The element() function normally selects elements within a document, but elements that provide a paint source don’t necessarily need to be in-document. For example, an HTML <canvas> element can be created, maintained, and drawn into entirely in script, with no need for it to be inserted into the document directly.

All that’s needed is a way to refer to the element, as an ID selector cannot select elements outside of the document. The elementSources Map object provides this.

partial interface CSS {
  [SameObject] readonly attribute Map elementSources;
};

Any entries in the elementSources map with a string key and a value that is an object providing a paint source are made available to the element() function.

Whenever element() uses an <id-selector>, the ID’s value (without the leading # character) is first looked up in the elementSources map:

This reuse of the ID selector matches Moz behavior. I’m trying to avoid slapping a <custom-ident> right in the beginning of the grammar, as that eats too much syntax-space. Another possibility, though, is to start the value with a language-defined keyword followed by a <custom-ident>, like element(external fancy) or something. Naming suggestions welcome.

For example, fancy animating backgrounds can be done with an external canvas:
<script>
var bg = document.createElement('canvas');
bg.height = 200;
bg.width = 1000;
drawFancyBackground(bg);
CSS.elementSources.set('fancy', bg);
</script>
<style>
h1 {
  background-image: element(#fancy);
}
</style>

As the "fancy" canvas is drawn into and animated, the backgrounds of all the H1 elements will automatically update in tandem.

Note that the elementSources map is consulted before the document to match the ID selector, so even if there’s an element in the document that would match #fancy, the backgrounds will still predictably come from the elementSources value instead.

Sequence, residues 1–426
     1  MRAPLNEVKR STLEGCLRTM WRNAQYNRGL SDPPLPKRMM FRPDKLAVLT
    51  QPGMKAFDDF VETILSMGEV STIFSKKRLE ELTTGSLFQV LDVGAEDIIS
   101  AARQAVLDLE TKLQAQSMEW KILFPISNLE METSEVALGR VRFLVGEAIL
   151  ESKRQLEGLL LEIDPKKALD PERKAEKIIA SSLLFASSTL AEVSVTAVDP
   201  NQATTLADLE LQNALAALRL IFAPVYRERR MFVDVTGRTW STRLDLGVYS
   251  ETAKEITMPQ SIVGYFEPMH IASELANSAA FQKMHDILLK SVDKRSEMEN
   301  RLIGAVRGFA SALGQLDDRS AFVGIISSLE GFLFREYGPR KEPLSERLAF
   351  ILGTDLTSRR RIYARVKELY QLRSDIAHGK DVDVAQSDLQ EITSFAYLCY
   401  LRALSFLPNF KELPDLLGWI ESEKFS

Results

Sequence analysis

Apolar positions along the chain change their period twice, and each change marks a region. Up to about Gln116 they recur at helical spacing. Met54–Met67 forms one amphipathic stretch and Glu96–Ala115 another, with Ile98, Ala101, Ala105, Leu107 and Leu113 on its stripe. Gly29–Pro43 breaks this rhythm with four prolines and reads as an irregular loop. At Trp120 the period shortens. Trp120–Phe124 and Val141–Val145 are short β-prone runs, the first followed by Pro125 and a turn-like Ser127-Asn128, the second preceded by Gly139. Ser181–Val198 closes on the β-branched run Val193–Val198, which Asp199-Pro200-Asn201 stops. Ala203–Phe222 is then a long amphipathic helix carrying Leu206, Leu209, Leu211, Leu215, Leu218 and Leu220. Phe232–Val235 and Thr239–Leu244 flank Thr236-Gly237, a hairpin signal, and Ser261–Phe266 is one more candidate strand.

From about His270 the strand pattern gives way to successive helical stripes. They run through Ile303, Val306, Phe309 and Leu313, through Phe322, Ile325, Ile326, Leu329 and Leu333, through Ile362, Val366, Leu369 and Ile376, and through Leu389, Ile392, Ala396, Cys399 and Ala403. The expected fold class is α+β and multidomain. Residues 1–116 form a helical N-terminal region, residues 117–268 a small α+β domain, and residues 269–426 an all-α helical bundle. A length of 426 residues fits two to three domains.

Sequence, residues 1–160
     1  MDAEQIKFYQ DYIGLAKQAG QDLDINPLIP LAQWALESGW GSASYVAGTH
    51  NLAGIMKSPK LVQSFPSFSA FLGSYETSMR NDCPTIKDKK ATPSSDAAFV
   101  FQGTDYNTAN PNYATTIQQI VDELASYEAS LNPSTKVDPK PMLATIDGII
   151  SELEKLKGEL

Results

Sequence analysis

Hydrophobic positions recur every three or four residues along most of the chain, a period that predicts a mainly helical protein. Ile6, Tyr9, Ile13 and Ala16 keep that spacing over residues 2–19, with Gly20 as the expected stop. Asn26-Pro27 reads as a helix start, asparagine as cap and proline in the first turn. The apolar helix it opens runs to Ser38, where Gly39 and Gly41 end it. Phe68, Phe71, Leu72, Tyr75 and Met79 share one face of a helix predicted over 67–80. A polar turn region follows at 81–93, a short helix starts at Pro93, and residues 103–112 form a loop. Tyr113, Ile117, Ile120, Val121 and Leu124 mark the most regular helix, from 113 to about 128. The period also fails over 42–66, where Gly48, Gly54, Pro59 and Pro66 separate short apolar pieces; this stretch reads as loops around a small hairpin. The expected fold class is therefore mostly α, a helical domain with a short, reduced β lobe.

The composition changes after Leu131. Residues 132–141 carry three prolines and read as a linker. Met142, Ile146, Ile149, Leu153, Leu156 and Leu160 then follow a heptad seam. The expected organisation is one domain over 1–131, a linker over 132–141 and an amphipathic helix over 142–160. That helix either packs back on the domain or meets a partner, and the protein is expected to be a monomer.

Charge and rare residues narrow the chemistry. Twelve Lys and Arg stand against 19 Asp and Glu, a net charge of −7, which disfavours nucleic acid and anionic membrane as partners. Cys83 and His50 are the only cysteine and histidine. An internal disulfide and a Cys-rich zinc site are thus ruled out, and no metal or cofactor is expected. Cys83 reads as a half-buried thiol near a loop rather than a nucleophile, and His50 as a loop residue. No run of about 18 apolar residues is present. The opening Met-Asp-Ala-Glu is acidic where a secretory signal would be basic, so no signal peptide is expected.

1.2.3. Cycle Detection

The element() function can produce nonsensical circular relationships, such as an element using itself as its own background. These relationships can be easily and reliably detected and resolved, however, by keeping track of a dependency graph and using common cycle-detection algorithms.

The dependency graph consists of edges such that:

If the graph contains a cycle, any element() functions participating in the cycle are invalid images.

2. Gradients

A gradient is an image that smoothly fades from one color to another. These are commonly used for subtle shading in background images, buttons, and many other things. The gradient notations described in this section allow an author to specify such an image in a terse syntax, so that the UA can generate the image automatically when rendering the page. The syntax of a <gradient> is:

<gradient> = [
  <linear-gradient()> | <repeating-linear-gradient()> |
  <radial-gradient()> | <repeating-radial-gradient()> |
  <conic-gradient()>  | <repeating-conic-gradient()> ]

As with the other <image> types defined in this specification, gradients can be used in any property that accepts images. For example:

A gradient is drawn into a box with the dimensions of the concrete object size, referred to as the gradient box. However, the gradient itself has no intrinsic dimensions.

For example, if you use a gradient as a background, by default the gradient will draw into a gradient box the size of the element’s padding box. If background-size is explicitly set to a value such as 100px 200px, then the gradient box will be 100px wide and 200px tall. Similarly, for a gradient used as a list-style-image, the box would be a 1em square, which is the default object size for that property.

Gradients are specified by defining the starting point and ending point of a gradient line (which, depending on the type of gradient, may be technically a line, or a ray, or a spiral), and then specifying colors at points along this line. The colors are smoothly blended to fill in the rest of the line, and then each type of gradient defines how to use the color of the gradient line to produce the actual gradient.

2.1. Conic Gradients: the conic-gradient() notation